Wednesday, January 23, 2008

Clinton, McCain Pull Ahead in New Nationwide Poll

A new nationwide survey from the Los Angeles Times finds Hillary Clinton leading Barack Obama by a substantial margin, with 42 percent support, compared to 33 percent for Obama.

On the Republican side, John McCain holds a slight lead over his GOP challengers. The Times' report has the details:

Sen. Hillary Rodham Clinton (D-N.Y.) maintains a solid lead in her party's presidential race among Democratic voters nationwide, despite a surge in support since late last year for Sen. Barack Obama (D-Ill.), a Los Angeles Times/Bloomberg Poll has found.

Clinton was preferred by 42% of the likely Democratic voters polled, Obama by 33% -- a significant increase for him since a similar poll in early December, when he was the choice of 21%. Clinton's support remained virtually unchanged over that period.

The overall preference figures mask a pronounced racial divide among Democratic voters: About two-thirds of black respondents said they would vote for Obama, while only about one-fourth of white respondents said he was their choice.

The poll also found that an increasing number of Democratic voters -- about two-thirds -- say they are certain who they will vote for, making major swings in preference less likely as the primary season heads into the states with the most delegates at stake.

"Now that Democrats have winnowed down their race to two leading candidates, they are moving toward the candidates they will probably vote for," said Susan Pinkus, the poll's director. "Obama has gained some support, but Clinton has not lost any. The question now is: Where do the remaining voters go?"

Former Democratic Sen. John Edwards of North Carolina drew the support of 11% of Democratic respondents.

When asked for whom they would vote if their first choice dropped out, slightly more Edwards voters leaned toward Clinton than toward Obama, the poll found.

In the Republican presidential contest, voter support is scattered among four candidates.

Sen. John McCain of Arizona has inched up to first place, though his lead is within the poll's margin of error. Meanwhile, former New York Mayor Rudolph W. Giuliani, once the clear front-runner nationally in the GOP race, has sagged to fourth place.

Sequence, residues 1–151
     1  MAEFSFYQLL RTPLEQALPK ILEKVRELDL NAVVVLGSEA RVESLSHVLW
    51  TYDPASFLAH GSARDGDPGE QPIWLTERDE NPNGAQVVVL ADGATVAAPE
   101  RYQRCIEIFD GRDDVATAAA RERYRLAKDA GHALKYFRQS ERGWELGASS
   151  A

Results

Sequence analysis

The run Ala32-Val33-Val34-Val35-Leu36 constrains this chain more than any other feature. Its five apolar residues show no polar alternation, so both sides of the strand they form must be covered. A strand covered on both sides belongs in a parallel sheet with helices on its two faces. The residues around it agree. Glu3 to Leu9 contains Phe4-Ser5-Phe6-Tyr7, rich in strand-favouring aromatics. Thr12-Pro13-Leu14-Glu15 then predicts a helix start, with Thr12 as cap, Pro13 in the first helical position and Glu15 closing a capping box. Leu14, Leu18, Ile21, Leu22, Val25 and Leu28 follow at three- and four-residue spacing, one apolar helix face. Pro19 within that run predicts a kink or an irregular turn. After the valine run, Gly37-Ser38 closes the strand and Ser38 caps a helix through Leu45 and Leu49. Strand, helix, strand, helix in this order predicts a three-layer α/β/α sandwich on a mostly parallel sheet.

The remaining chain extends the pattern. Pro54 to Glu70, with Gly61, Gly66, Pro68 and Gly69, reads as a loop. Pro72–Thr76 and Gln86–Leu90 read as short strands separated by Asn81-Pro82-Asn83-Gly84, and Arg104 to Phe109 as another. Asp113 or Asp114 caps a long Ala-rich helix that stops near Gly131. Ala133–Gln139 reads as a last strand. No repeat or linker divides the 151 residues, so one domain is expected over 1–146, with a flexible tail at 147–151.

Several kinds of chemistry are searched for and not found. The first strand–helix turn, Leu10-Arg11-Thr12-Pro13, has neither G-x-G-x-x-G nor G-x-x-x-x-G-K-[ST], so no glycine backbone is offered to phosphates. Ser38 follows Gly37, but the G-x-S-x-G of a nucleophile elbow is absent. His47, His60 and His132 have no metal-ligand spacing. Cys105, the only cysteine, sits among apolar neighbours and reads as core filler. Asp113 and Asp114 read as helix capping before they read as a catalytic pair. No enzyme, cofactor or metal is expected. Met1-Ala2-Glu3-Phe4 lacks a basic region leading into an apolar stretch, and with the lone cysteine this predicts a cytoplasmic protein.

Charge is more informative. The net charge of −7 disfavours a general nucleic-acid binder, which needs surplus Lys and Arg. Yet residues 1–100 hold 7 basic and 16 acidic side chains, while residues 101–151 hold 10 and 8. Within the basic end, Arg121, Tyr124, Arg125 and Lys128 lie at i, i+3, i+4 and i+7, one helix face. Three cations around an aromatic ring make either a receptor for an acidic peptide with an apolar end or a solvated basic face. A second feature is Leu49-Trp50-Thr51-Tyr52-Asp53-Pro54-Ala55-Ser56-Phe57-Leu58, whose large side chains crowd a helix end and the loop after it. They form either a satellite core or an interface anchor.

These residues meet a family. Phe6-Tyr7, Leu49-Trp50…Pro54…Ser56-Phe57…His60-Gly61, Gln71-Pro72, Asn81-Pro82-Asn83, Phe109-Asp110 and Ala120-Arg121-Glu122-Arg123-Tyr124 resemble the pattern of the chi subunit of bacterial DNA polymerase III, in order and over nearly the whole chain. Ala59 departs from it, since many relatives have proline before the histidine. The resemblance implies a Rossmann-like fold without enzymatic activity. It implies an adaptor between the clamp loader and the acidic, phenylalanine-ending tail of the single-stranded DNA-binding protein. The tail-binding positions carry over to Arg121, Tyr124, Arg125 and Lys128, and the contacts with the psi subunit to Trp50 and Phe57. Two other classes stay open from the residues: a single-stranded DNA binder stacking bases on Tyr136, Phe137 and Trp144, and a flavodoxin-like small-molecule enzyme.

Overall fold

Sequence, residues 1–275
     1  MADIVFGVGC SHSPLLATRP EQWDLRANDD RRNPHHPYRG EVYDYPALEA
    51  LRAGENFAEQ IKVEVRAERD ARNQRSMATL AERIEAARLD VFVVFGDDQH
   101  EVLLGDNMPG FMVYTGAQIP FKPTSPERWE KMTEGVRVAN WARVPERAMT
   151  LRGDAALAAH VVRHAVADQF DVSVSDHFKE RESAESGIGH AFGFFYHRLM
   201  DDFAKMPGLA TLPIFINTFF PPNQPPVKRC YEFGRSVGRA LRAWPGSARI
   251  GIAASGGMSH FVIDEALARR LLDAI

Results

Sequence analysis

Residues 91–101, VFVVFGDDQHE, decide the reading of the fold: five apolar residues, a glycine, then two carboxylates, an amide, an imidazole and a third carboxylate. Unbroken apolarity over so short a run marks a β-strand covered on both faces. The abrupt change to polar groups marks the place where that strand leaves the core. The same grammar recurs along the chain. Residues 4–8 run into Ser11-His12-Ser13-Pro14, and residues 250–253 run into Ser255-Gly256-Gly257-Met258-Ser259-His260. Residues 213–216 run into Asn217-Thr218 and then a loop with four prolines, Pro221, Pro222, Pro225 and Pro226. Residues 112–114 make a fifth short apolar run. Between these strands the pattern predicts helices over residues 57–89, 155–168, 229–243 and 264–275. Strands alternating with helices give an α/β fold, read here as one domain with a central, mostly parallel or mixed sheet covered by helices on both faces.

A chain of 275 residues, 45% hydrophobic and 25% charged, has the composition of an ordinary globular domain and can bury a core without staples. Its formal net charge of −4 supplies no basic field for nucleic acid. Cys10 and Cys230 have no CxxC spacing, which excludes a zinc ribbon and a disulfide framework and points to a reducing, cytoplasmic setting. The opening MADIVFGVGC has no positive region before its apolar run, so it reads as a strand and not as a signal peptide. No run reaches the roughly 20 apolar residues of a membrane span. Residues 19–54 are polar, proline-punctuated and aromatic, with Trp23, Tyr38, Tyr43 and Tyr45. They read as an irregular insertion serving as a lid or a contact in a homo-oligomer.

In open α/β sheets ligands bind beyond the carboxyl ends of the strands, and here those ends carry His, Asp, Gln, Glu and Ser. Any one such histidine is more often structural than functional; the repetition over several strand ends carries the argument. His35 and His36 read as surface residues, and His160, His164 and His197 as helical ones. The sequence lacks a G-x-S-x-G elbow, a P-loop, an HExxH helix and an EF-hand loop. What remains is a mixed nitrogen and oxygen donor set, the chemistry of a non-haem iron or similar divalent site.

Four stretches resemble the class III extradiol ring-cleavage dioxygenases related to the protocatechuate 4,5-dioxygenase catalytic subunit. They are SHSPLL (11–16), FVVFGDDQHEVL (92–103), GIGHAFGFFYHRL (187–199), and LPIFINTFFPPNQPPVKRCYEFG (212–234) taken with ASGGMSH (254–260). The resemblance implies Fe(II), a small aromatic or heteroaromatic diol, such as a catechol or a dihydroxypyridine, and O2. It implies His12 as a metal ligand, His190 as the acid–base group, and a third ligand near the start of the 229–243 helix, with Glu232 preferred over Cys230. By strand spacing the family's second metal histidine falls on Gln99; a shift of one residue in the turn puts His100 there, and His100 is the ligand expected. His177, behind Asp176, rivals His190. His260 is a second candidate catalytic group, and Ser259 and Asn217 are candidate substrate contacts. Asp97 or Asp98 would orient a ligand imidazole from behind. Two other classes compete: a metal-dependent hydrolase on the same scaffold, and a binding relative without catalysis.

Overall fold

The survey found that 22% of likely Republican voters preferred McCain, 18% backed former Arkansas Gov. Mike Huckabee and almost as many -- 17% -- chose former Massachusetts Gov. Mitt Romney.

Giuliani was supported by 12%, down dramatically from 32% in an October poll and 23% in the December survey. Giuliani decided not to compete actively in the first several contests in the Republican race and has staked his candidacy on a strong showing in Florida's primary Tuesday.

Fred Thompson, who ended his candidacy Tuesday after a disappointing showing in Saturday's South Carolina primary, garnered 10%, while Ron Paul, who has proved surprisingly successful at raising money from a core of supporters, drew 6%.

The Republican electorate remains volatile.

For the Democrats, Clinton has consolidated a clear national frontrunner position following her victories in New Hampshire and Nevada. Senator Obama's likely to do well in South Carolina on Saturday, however - where polls in the Palmetto State have him holding a lead - but it remains to be seen if he'll be able to pick up enough momentum to overtake Clinton's clear national favorability ratings before the February 5 round of 22 state primaries.

Still, Clinton's weakness in South Carolina has forced a shift in strategy, as the campaign is now looking at competing for delegates in states where the candidate's known to have the advantage.

Trends for the Republicans are less clear, as the current poll shows a tight race. Things are probably even more complicated than the survey reveals, as respondents were contacted before Fred Thompson quit the race.

So far it's too early to tell which candidate jilted Thompson supporters will back, although Chris Cillizza at the Washington Post thinks McCain might get a slight boost in his numbers, after Huckebee and Romney divvy up the initial batch of former Thompson backers.

See also the discussion of the survey at Bloomberg.

Photo Credit: Los Angeles Times